[Metroactive Music]

[ Music Index | Silicon Valley | Metroactive Home | Archives ]

Photograph by Mark Liddell

What Does This Thing Do?: Ashlee Simpson puts the whole lipsyncing episode behind her.

Family Ties

Are careers of Ashlee and Jessica Simpson 21st-century versions of vaudeville clans?

By Sara Bir

FAME, family and the entertainment industry have a long history. Perhaps maintaining nature's strongest bond is the best way to cope with the pitfalls and demands of the stage—or, perhaps, the easiest way to recruit new members for the act is to spawn them yourself: bred for the biz.

Pundits and pop-culture junkies have raised enough stink over the dubious artistic merit of Ashlee Simpson's vocal to give a Whole Foods cheese counter a run. But there hasn't been much discussion dedicated to how their father, Joe Simpson, managed their careers to the degree that both of his daughters have reality shows on MTV. Am I the only one who thinks this is creepy? Maybe it's because on their respective shows the Simpson gals don't necessarily come across as terribly gifted in the intellectual or performance departments—which exploits those watching at home more than it does Ashlee and Jessica.

Papa Simpson is just trying to engineer his family's success in the most effective way possible. But when set against the archetypes of show-biz parents, it's hard to see where Joe and his wife, Tina Simpson, fit in. Thanks to musicals, movies and '70s sitcoms starring Shirley Jones, we average nonfamous folks know that all show-biz parents fall into four categories: there's the tyrannical mother (Rose, mother of Gypsy Rose Lee), the overbearing father (Leopold Mozart, father of Wolfgang), the beater (Joe Jackson, father of Janet, Michael, LaToya, et al.) and the mother hen (Shirley Partridge).

As for the gaggle of siblings prancing across a stage in homemade matching outfits—the Osmonds, the Cowsills and the Jacksons—they're all gone. The heyday for that sort of thing was not the '70s, but the golden era of vaudeville, which brackets the turn of the 20th century. Judy Garland got her start as part of her family's act, the Gumm Sisters. And you can't get any more melodramatic than the story of Violet and Daisy Hilton, conjoined twins born in 1908 whose abusive guardians forced them into a rigorous life on the sideshow circuit. After attaining their independence, Daisy and Violet made the rounds of vaudeville with a show called the Hilton Sisters' Revue. The 1997 musical Side Show is loosely based on the sisters' lives.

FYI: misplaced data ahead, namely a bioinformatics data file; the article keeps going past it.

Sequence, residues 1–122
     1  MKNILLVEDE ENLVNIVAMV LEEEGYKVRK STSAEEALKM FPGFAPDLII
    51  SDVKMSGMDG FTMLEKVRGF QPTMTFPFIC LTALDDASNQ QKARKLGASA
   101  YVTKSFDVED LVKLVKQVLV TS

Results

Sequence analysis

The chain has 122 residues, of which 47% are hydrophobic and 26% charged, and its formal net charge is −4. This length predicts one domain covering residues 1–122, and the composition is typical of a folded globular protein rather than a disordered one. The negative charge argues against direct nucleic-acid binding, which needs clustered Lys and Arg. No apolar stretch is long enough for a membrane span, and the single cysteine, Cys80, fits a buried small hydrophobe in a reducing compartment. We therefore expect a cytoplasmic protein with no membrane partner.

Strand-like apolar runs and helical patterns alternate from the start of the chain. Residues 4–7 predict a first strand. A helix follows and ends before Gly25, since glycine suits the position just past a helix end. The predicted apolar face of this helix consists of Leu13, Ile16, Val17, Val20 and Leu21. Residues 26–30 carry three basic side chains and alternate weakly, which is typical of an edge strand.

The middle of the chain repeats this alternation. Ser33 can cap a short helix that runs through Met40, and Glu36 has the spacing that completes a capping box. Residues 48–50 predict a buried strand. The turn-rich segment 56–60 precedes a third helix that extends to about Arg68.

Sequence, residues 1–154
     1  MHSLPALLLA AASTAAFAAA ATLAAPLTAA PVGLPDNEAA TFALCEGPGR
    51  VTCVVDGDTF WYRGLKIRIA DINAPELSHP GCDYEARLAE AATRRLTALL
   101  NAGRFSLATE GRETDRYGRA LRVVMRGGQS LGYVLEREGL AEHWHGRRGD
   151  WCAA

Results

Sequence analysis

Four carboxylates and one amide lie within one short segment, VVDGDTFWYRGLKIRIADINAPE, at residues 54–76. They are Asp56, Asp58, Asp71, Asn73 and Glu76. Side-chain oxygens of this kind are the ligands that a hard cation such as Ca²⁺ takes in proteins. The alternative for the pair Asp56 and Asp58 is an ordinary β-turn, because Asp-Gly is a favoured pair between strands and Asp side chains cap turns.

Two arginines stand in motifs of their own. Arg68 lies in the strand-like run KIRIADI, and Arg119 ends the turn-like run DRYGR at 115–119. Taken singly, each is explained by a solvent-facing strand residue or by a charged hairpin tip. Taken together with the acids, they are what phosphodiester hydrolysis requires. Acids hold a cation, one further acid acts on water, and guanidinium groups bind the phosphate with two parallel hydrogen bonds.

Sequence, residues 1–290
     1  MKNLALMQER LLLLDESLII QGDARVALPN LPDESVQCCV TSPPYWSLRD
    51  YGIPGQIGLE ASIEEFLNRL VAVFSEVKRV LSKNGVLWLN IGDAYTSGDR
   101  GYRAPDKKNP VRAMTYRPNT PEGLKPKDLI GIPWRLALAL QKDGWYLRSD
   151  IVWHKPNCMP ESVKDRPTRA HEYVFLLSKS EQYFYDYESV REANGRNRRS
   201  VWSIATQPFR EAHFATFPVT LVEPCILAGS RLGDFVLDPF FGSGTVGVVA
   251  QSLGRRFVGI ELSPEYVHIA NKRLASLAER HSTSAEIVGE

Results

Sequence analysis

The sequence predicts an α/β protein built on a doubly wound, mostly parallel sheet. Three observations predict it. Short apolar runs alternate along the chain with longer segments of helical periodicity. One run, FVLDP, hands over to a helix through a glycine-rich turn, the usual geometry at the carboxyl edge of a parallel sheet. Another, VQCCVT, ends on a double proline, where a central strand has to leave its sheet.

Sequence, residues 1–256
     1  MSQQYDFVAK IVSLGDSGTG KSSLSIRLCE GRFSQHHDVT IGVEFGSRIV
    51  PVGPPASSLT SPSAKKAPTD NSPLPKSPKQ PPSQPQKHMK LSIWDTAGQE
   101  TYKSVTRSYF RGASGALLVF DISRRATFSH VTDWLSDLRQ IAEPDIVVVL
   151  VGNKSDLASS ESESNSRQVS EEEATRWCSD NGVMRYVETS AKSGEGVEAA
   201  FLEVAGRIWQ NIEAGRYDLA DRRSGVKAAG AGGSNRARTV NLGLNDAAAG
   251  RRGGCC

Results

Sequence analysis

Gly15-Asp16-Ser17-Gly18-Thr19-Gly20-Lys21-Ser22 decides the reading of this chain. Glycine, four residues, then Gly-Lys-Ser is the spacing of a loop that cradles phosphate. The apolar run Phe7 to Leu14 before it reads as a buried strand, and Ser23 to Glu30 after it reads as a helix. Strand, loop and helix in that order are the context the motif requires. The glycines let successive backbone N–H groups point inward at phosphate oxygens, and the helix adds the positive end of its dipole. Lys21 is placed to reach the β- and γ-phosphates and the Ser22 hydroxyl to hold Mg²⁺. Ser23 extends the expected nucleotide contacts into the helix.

Jessica and Ashlee don't fall so easily into any of these molds. They aren't part of the same act (the blonde one vs. the dyed-brunette one, the soft pop one vs. the dyed-punk one), but in the larger picture they fall under the same brand: Simpson. From very early on, back when the Simpsons lived in Texas and Joe was a youth minister at a Baptist church, both of the girls were routed on an entertainment track; Jessica toured, performing at Christian youth concerts, while Ashlee famously began dance lessons at 4, and at 11 entered the School of American Ballet, becoming the youngest student ever admitted.

Joe became Jessica's manager, then Ashlee's, eventually forming his own label, JT Records. News on Ashlee's website reports that Joe Simpson is now producing a movie, to star none other than Ashlee Simpson.

There's a small part of me wondering if this is a rare breed of the overachieving-parents phenomenon—the same ones who send their kids to space camp and soccer practice before shuffling them off for French tutoring and cello lessons, parents who want their kids to have everything that was not available to them in their youths. Well, how many parents had fame as an option? In our society, where people will literally have body parts removed to get on television, fame—at any price or any level—is seen as the highest achievement to many. Therefore, if you love your offspring enough, you will produce the things that will rocket them to the coveted next level.

There's also the very distinct possibility that, like hundreds of show-biz families in history, the Simpson entertainment machine chugs on because it is their job, their livelihood and their passion. For the futures of Ashlee and Jessica, let's hope so.

Ashlee Simpson performs Tuesday (Feb. 22) at the SJSU Event Center. Tickets are $29.50$39.50 and available through Ticketmaster.

Send a letter to the editor about this story to letters@metronews.com.

[ Silicon Valley | Metroactive Home | Archives ]

From the February 16-22, 2005 issue of Metro, Silicon Valley's Weekly Newspaper.

Copyright © Metro Publishing Inc. Metroactive is affiliated with the Boulevards Network.

For more information about the San Jose/Silicon Valley area, visit sanjose.com.